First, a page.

Reproductive Medicine

Busting 3 Common Myths About Fertility

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By Henry Ford Health System Staff

When scrolling through the adorable pictures of babies on social media, you might be tempted to believe that getting pregnant is always easy. While it may come naturally for some, it’s much more of a challenge for those who struggle with infertility. In general, infertility is defined as not being able to conceive after a year or longer of unprotected sex.

“People often think of infertility as something that only affects women,” said Ali Dabaja, M.D., a urologist and reproductive medicine specialist at Henry Ford Health System. “That is not true. Approximately 50 percent of the time, the male is a contributor to the infertility.”

Plenty of myths exist regarding fertility, from age to frequency of trying to conceive. Dr. Dabaja walks us through three common myths and explains the truth behind them.

Myth 1: Age Doesn’t Affect Men’s Fertility
If you believe only females over the age of 35 struggle with fertility, you are mistaken. As men increase in age, there is an increase in the time it takes to achieve pregnancy, and a decline in the conception rate. A five-fold increase in the time it takes to achieve pregnancy occurs with men over the age of 45.

“Semen qualities – like the number of sperm cells, their shape and their movement – decrease continually beginning at the age of 20,” Dr. Dabaja said. “Children with fathers aged 40 or older are also more than five times as likely to have an autism spectrum disorder versus children fathered by men aged 30 or younger.”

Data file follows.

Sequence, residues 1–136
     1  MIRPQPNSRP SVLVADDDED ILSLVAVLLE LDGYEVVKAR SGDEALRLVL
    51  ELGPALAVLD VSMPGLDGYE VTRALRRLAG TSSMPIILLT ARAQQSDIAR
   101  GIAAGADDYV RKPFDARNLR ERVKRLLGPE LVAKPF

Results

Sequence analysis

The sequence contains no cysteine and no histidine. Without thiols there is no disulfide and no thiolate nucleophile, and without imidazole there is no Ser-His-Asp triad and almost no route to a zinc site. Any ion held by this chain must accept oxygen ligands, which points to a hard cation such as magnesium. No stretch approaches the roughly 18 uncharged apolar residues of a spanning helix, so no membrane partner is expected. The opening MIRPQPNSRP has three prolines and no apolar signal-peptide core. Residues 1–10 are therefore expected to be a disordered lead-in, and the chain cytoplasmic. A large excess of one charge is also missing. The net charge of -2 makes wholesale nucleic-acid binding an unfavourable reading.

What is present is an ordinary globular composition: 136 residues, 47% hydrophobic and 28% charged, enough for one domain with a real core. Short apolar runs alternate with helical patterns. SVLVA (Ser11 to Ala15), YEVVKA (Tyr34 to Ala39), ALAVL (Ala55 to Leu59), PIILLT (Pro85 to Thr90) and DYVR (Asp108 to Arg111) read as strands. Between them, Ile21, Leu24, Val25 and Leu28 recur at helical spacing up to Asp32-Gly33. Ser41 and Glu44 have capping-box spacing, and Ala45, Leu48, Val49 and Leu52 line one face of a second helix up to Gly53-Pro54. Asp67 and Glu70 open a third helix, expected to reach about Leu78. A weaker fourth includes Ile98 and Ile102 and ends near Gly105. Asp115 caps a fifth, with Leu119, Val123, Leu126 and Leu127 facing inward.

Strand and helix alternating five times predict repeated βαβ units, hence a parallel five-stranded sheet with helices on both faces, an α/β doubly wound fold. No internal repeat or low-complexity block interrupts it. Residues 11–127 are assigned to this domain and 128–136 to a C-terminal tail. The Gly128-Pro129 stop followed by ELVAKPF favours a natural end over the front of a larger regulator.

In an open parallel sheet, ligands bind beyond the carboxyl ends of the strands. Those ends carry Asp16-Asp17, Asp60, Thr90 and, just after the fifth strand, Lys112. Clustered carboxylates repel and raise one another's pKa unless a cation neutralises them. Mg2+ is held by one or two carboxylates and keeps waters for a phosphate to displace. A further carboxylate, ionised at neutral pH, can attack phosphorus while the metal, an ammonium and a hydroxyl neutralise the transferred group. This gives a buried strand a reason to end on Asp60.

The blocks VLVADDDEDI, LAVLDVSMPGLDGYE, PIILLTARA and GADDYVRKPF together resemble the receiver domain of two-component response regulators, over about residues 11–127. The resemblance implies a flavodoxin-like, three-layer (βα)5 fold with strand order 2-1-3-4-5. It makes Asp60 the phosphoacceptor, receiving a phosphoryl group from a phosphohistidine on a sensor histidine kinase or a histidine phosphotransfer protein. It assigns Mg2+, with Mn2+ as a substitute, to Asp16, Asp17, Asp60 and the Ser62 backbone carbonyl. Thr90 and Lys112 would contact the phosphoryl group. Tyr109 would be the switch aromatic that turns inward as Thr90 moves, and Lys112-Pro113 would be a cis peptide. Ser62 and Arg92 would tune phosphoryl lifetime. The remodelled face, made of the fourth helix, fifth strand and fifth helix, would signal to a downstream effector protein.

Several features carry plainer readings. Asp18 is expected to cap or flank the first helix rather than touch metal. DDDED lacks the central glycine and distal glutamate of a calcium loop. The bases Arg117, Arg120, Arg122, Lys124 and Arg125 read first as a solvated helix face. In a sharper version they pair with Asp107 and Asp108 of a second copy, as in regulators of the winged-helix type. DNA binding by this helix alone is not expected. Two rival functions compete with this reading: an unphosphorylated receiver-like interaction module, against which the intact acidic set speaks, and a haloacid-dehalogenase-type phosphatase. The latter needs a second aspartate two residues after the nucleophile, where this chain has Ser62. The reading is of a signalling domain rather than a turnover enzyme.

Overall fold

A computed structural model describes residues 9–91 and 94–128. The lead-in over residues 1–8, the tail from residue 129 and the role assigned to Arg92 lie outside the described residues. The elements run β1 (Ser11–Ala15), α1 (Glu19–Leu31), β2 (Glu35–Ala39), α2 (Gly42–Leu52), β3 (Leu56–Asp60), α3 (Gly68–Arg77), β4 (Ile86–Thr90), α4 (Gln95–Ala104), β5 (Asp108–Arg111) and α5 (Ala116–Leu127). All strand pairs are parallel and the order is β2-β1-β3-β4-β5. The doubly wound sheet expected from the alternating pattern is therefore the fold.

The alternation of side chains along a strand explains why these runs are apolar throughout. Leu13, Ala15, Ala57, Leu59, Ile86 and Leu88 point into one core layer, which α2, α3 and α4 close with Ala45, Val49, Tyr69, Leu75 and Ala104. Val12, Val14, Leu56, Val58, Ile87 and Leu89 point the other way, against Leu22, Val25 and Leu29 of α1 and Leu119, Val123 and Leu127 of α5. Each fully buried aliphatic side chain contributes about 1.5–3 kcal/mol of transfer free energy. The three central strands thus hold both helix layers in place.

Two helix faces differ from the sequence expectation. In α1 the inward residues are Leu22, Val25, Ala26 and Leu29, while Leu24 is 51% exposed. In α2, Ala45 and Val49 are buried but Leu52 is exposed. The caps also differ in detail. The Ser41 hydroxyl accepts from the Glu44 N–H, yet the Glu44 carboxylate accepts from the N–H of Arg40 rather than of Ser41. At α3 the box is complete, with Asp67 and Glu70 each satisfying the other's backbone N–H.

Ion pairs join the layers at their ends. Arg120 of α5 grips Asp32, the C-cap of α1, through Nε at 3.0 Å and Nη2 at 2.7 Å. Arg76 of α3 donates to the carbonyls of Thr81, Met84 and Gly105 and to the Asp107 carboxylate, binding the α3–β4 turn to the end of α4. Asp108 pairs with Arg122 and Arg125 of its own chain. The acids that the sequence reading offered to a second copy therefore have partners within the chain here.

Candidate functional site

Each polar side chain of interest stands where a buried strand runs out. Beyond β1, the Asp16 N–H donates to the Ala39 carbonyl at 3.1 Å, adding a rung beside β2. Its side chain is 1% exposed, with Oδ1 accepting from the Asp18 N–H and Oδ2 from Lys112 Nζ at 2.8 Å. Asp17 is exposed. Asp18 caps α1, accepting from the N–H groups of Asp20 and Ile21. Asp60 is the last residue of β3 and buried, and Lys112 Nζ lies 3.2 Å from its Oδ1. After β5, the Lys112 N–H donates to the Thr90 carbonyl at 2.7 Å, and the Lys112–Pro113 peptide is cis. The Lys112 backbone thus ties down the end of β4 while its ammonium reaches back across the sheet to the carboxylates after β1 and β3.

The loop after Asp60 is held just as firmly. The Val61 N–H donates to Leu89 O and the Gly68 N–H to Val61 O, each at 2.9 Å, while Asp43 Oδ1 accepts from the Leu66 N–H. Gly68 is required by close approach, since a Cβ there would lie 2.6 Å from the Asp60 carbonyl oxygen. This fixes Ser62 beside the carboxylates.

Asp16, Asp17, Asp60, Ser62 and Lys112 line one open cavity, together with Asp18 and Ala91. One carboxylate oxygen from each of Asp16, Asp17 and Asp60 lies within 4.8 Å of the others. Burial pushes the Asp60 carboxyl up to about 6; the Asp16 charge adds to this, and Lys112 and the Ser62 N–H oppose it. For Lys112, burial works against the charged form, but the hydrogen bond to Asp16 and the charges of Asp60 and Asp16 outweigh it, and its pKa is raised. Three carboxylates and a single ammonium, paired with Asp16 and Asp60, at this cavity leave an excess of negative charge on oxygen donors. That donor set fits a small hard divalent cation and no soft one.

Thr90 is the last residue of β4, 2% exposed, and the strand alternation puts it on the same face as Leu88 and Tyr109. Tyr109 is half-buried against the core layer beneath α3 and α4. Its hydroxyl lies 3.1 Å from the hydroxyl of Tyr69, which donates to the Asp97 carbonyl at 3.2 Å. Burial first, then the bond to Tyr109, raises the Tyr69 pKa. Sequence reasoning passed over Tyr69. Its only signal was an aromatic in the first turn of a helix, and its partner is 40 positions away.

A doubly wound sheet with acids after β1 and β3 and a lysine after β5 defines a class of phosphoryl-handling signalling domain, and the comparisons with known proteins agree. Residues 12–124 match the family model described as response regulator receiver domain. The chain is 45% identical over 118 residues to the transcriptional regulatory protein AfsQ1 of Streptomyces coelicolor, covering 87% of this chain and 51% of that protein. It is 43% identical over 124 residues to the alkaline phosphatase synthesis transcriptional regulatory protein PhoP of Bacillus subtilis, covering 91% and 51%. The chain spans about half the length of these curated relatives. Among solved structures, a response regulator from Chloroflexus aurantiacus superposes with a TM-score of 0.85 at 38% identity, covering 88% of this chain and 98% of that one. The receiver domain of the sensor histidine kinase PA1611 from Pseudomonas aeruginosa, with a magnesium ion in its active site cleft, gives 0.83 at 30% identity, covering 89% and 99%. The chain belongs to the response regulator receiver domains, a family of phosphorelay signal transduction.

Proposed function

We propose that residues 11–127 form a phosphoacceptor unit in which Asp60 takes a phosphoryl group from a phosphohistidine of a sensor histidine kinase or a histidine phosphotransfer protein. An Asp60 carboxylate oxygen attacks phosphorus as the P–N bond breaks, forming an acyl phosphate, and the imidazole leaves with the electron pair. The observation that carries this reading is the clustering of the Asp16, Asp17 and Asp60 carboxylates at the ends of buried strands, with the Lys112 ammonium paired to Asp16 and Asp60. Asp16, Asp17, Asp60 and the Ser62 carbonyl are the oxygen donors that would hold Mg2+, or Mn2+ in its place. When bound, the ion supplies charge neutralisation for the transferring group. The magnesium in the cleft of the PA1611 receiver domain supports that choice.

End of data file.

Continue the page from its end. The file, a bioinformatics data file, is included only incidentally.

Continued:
Myth 2: Having Sex Daily Will Increase Your Chances of Conception
It’s commonly believed that the more you try, the higher your odds of success. The truth is that conceiving is all about timing. Doctors generally recommend the 11th through the 17th day of the menstrual cycle as the most likely time to conceive.

“Having sex daily will do little to improve fertility,” Dr. Dabaja explained. “There are no differences in pregnancy rates between daily sex versus every-other-day sex around ovulation. Since a man’s sperm can survive for 48 to 72 hours in a woman’s reproductive tract, having sex every other day is sufficient when trying to conceive.”

Myth 3: Lubricants Decrease the Time it Takes to Conceive

Lubricants increase the pleasure of sex, but they won’t increase the odds or time need to get pregnant. Standard lubricants are full of substances that can damage sperm cells, which can slow the process down.

“Most doctors will recommend avoiding these products when attempting conception,” Dr. Dabaja explained. “The good news is that there are alternatives, like Pre-Seed Fertility-Friendly Lubricant. As always, consult with your infertility specialist to discuss your options.”

Related Topics: Struggling with Infertility? Acupuncture May Help

To request an appointment with a reproductive medicine specialist, visit henryford.com or call (248) 637-4050.

Dr. Ali Dabaja is a urologist who sees patients at Henry Ford Medical Centers in Dearborn and Sterling Heights, at Henry Ford Reproductive Medicine in Troy, and at Henry Ford Hospital in Detroit and West Bloomfield.